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‘So Huge a Phallic Triumph’: Why Apollo Had Little Appeal for Auden

Edward Mendelson
As Apollo 11 was heading for the moon, someone at the Times, possibly managing editor Abe Rosenthal, offered to commission W.H. Auden to write a poem about the meaning of the event. Auden had replied that it would have no meaning at all.

CBS via Getty Images

News anchor Walter Cronkite holds up an early edition of next day’s The New York Times during CBS’s Apollo 11 telecast, July 20, 1969

In 1969, W.H. Auden wrote a skeptical poem about the moon landing after he had declined a request to write a celebratory one.

As Apollo 11 was heading for the moon, the editors of The New York Times decided to celebrate the landing, scheduled for a few days later, by printing a poem about it on the front page. In an article twenty years later, A.M. Rosenthal, then the managing editor, recalled the editors’ thinking:

What the poet wrote would count most, but we also wanted to say to our readers, look, this paper does not know how to express how it feels this day and perhaps you don’t either, so here is a fellow, a poet, who will try for all us.

Rosenthal continued, “We called one poet who just did not think much of the moon or us.” Rosenthal didn’t name names, but it was widely known in literary New York that the uncooperative poet was Auden. Someone at the Times, possibly Rosenthal, had offered to commission him to write a poem about the meaning of the event, and Auden had replied that it would have no meaning at all.

Rosenthal, who had ideas of his own about literary rankings, recalled that the Times “then decided to reach higher for someone with more zest in his soul—for Archibald MacLeish, winner of three Pulitzer Prizes.” MacLeish provided a suitable amalgam of fluff and bombast (“dazzle of silver in our leaves… and we have touched you!…  O, a meaning!”) and the Times printed it on the front page on July 21, 1969—after warning MacLeish that he might be called upon to rewrite the poem at the last minute if the landing should be delayed until after press time.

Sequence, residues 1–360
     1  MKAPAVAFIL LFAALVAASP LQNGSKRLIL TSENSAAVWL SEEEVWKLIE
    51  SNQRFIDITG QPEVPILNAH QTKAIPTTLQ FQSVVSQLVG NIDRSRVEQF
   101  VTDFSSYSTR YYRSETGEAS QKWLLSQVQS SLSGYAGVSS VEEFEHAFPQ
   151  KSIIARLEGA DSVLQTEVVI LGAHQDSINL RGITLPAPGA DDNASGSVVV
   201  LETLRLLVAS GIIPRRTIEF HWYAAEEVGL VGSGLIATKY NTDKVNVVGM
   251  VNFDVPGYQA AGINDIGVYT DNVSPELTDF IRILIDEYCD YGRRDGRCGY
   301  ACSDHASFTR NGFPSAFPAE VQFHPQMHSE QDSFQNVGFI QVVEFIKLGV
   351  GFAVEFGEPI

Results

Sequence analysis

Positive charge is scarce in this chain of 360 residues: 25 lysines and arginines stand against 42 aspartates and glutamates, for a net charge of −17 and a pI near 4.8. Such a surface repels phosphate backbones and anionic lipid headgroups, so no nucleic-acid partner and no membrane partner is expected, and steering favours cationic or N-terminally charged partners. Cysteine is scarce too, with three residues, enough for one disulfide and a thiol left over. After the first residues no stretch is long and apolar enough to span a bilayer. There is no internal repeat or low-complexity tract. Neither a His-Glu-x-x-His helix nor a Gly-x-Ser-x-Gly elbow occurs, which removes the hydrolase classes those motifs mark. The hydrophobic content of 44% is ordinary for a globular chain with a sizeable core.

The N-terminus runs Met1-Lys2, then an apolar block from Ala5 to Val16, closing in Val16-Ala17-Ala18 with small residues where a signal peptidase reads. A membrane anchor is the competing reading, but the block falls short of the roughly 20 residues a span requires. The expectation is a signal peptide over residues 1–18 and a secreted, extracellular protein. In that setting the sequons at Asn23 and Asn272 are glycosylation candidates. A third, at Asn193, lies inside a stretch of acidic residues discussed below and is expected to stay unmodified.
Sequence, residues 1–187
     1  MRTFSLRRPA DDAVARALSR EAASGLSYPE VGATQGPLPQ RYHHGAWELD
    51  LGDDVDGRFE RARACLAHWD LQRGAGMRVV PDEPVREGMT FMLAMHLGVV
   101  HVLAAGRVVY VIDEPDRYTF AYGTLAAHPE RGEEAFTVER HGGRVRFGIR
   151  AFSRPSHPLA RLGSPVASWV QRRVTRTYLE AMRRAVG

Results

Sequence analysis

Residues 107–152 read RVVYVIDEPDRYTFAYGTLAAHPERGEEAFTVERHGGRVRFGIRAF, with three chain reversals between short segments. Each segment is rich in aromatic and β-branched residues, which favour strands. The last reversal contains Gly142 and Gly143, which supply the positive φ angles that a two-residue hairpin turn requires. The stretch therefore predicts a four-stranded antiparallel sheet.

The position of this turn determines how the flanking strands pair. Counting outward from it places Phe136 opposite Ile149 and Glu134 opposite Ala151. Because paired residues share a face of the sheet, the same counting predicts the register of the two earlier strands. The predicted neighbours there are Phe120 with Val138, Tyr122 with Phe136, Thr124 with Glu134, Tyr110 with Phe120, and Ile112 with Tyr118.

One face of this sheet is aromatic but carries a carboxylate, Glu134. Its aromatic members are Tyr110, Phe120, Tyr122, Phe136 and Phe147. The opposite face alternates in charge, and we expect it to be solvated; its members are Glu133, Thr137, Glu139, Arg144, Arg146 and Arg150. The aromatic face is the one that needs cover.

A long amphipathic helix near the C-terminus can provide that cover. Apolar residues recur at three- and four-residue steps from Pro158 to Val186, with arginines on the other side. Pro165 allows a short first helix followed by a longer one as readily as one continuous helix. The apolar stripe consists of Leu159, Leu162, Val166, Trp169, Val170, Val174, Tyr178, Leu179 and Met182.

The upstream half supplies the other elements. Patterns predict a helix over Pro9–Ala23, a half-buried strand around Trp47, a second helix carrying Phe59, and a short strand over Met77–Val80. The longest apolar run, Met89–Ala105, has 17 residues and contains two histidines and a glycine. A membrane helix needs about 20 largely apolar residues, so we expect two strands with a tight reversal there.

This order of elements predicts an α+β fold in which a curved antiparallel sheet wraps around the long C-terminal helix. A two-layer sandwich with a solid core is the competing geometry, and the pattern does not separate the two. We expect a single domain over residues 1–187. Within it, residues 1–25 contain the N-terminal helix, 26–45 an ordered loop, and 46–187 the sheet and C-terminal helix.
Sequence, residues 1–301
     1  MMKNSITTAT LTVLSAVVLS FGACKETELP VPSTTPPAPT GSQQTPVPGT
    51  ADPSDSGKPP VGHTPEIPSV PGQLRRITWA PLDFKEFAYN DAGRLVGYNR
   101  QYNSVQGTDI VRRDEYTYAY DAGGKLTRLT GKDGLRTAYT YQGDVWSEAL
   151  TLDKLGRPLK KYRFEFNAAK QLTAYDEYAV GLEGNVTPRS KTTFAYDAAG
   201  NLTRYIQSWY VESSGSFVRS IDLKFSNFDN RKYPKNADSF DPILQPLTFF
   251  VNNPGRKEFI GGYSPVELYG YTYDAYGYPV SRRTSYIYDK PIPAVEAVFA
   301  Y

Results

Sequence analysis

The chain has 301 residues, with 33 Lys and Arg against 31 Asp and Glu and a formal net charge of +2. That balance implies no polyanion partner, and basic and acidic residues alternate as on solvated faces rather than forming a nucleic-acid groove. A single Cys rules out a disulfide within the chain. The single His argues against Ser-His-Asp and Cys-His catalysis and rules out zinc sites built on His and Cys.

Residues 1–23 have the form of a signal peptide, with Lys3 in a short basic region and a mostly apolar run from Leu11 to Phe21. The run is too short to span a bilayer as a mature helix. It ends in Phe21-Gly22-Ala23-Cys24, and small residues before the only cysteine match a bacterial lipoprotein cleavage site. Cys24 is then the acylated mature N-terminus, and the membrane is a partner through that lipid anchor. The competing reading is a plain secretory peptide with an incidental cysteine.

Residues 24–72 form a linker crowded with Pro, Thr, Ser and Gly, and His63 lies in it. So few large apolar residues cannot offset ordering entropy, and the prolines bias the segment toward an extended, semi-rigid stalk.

The New York Times was not alone in asking Auden to pontificate on the event. A columnist in The Times of London reported on the day of the landing: “W.H. Auden was invited to join a party discussing the moral, historical, and philosophical implications of the moon-landing on Panorama [a current-affairs program on BBC television] tonight but replied that the event had no such implications whatsoever.”

Having declined a commission from The New York Times, Auden seems to have decided to write a poem about the event after all, but not one that the Times would have wanted. By the middle of August, he had finished “Moon Landing” and sent it to The New Yorker, which published it on September 6. This is the slightly revised text that Auden included in his collection Epistle to a Godson in 1972:

It’s natural the Boys should whoop it up for
so huge a phallic triumph, an adventure
            it would not have occurred to women
            to think worth while, made possible only

because we like huddling in gangs and knowing
the exact time: yes, our sex may in fairness
            hurrah the deed, although the motives
            that primed it were somewhat less than menschlich.

A grand gesture. But what does it period?
What does it osse? We were always adroiter
            with objects than lives, and more facile